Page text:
Is it all right for a married man to have an affair, if his wife does not mind? In this continuing series on values, we examine why extramarital sex is wrong in the eyes of the Church.

He was a 68-year-old married security guard with a 17-year-old mistress in Batam. He visited her fortnightly and gave her $300 a month to have sex with him exclusively.

Mr Chua’s story appeared in The Straits Times on March 22, 2004. He was quoted as saying: “My wife, 63, and daughter, 38, know about her as well as the previous girls I’ve had. They don’t mind at all. My wife says as long as I don’t bring back any disease or get cheated – by buying a house in Batam for my girlfriend – she is fine with it. My daughter, whose son is six, says that since Daddy is already so old, it’s okay to let him have some fun. And that is really all there is to it. Visiting Batam is just an entertaining and relaxing pastime for an old man like me.”

It is a fairly common view that adultery is a betrayal of one’s spouse and therefore immoral. But what about someone like Mr Chua, who says his wife does not mind?  Does that become a case of live and let live, or everyone living happily ever after?

Let us examine more closely what it means for a married person to be involved in an extramarital affair, why it is considered immoral, even if both spouses involved claim to have no issues with it.

Fidelity – promised and compromised

When two people marry, they commit themselves to loving each other freely, totally, faithfully, and fruitfully till death. Sex, then, also becomes a renewal of their vows, restating the promises they made on their wedding day.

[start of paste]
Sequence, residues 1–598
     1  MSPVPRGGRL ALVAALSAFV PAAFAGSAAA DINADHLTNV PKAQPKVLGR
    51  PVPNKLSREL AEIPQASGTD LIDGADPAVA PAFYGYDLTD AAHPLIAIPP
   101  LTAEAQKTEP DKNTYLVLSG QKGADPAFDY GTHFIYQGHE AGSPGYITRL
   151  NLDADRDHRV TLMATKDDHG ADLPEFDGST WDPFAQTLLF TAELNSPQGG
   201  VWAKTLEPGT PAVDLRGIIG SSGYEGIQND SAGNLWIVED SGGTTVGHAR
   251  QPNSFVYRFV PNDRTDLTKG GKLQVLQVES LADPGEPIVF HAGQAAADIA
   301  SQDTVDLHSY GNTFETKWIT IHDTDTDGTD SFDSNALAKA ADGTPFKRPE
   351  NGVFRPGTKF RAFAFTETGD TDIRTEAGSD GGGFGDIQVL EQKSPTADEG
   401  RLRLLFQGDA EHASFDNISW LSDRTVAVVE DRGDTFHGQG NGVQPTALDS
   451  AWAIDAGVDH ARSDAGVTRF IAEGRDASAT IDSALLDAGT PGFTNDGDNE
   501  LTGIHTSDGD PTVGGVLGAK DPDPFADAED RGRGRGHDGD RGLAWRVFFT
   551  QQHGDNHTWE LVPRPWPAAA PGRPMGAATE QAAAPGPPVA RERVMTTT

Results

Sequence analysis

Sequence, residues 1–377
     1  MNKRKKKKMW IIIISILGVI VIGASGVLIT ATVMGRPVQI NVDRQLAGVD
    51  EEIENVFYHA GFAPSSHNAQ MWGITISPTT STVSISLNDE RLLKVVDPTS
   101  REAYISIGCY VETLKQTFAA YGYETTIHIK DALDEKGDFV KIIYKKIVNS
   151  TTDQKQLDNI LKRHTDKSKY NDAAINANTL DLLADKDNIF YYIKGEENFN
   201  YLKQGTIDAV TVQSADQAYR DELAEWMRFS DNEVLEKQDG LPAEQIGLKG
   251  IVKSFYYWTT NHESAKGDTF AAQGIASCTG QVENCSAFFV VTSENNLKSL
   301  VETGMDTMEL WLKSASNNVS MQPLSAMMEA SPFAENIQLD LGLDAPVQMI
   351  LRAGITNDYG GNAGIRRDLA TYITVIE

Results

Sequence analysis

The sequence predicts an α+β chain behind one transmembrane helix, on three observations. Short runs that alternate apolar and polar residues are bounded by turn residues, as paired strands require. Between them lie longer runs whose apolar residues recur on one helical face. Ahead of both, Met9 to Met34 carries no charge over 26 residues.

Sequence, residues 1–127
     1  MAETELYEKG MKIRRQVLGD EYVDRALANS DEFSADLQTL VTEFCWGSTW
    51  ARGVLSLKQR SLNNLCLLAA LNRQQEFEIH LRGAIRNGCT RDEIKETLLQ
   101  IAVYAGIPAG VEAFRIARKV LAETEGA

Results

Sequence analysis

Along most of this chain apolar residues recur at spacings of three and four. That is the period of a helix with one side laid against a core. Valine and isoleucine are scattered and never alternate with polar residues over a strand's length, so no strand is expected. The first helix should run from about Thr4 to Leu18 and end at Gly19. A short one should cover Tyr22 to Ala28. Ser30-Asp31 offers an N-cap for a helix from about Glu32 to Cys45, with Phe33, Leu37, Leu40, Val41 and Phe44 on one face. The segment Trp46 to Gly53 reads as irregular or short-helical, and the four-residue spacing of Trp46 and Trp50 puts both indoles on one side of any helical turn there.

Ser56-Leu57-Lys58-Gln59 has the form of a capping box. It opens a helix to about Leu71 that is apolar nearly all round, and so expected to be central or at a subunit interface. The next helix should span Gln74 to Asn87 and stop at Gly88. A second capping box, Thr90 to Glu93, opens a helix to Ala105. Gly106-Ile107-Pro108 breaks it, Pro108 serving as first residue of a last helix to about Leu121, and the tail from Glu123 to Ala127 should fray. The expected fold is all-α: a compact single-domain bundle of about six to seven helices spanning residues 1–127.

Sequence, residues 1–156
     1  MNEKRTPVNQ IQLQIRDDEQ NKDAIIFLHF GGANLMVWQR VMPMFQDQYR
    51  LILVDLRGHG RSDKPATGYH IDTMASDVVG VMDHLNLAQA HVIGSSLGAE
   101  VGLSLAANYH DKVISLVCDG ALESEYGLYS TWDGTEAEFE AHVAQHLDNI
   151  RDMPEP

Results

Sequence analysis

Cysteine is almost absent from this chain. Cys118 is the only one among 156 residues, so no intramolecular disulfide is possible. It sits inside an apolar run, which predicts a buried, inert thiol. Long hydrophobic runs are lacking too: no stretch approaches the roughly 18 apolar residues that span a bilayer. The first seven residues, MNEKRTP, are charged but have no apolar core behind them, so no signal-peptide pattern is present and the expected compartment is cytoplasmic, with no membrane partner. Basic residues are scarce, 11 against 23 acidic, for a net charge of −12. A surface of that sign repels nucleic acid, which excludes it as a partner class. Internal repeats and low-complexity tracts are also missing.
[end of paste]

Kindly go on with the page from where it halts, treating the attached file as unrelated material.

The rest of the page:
To share the act of sex with someone outside of marriage cheapens the  expression of love meant to be shared only with one’s spouse. What it becomes is a self-satisfying act that does not communicate love, understanding or respect, and an expression of selfish lust rather than selfless love.

Cheating on a spouse is clearly an offence and an injustice to the spouse who deserves the fidelity promised to him or her.

Even for someone like Mr Chua, who says his wife does not mind his having a mistress, adultery is wrong for different reasons. When one partner condones the other’s infidelity, what the couple is really saying is that their promise of fidelity no longer applies, even if they continue to live under one roof. Their marriage vows were either never cherished the way they should have been, or have been discarded. It is, in fact, a dissolution of their marriage vows.

But it’s just sex, not love

Suppose a couple remains faithful to each other at all other levels except for sex because both parties agree that extramarital sex is not a big deal and therefore, all right. What’s wrong with that?

What such a liberal couple believes is that sex is not necessarily meaningful and intimate unless they choose it to be so. But could sexual acts be non-personal and non-intimate, like everyday mundane activities? For example, a dinner for a couple can be a meaningful, special and romantic time, but the same dinner can be dull and impersonal when shared with strangers.

The question is: can sex be likened to casual dinner encounters? Can one switch on the meaningfulness of sex only when one fancies it? Or is our sexuality always wired to express unequivocally our personal intimacy? It is not difficult to see that rape is considered much more than a physical aggression. It is universally viewed as an invasion of the personal intimacy of the person and always penalised.